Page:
Photo courtesy of Envato Elements
From staff reports
With Ukraine under siege from Russia, wheat exports have fallen significantly from the Black Sea region, driving wheat markets to record highs. A majority of the U.S. wheat is planted and although prices are good, they are being offset by increasing costs for fertilizer and fuel. In order for American farmers to respond to dwindling wheat supplies, it will take time as U.S. wheat stocks are at their lowest level in 14 years, according to the U.S. Department of Agriculture. due to long-term drought in much of the U.S. the last few years. ‘There’s just limitations on how much farmers can respond [to high prices] here in North America,’ said Scott Irwin, an agricultural economist at the University of Illinois. Furthermore marketing last years wheat is more challenging as prices are fluctuating so drastically.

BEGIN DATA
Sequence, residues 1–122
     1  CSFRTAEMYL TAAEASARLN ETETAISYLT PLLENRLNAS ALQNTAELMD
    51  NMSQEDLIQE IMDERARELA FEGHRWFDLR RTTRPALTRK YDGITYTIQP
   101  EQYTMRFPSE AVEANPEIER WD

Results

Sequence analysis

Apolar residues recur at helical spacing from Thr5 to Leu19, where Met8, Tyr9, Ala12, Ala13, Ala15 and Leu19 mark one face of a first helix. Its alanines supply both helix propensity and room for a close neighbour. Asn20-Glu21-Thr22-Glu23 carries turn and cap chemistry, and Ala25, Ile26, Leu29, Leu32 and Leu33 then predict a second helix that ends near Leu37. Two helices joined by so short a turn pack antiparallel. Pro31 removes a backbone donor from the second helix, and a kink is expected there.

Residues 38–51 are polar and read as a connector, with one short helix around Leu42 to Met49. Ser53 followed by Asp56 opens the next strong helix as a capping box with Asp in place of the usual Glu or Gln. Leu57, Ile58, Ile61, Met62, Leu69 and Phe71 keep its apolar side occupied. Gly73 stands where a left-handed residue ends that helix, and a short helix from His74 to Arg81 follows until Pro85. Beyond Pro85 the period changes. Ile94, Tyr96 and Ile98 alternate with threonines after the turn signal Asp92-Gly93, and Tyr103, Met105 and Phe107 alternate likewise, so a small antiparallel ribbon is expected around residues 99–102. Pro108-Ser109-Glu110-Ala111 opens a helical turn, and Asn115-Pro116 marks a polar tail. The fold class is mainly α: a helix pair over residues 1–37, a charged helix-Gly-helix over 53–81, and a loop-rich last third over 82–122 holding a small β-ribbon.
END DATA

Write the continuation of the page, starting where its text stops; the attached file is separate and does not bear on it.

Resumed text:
Ryan Dezember reported recently in the Wall Street Journal that, “Russia’s invasion of Ukraine threatens a big portion of the world’s wheat supply and has sent prices on a dizzying ride to new highs and the sharpest drop in years.”
“Still, the benchmark U.S. price, at $11.07 a bushel, is 72% higher than a year earlier and analysts expect the war will keep wheat high,” the Journal article said.
U.S. grocery store prices will reflect the higher prices for wheat, but also of concern is some countries not being able to get the imports they rely on to meet their grain needs. Not to mention global stocks of oils made from palm, soybean, corn and sunflowers are at their lowest level since 2016/2017, with the global oilseed crush reduced by 7 million metric tons. They were already low before the Russia-Ukraine war due to lack of production in other countries, such as Canada, Europe, Russia, and Ukraine between 2019 and 2021 and now are even lower because of the war in the Black sea.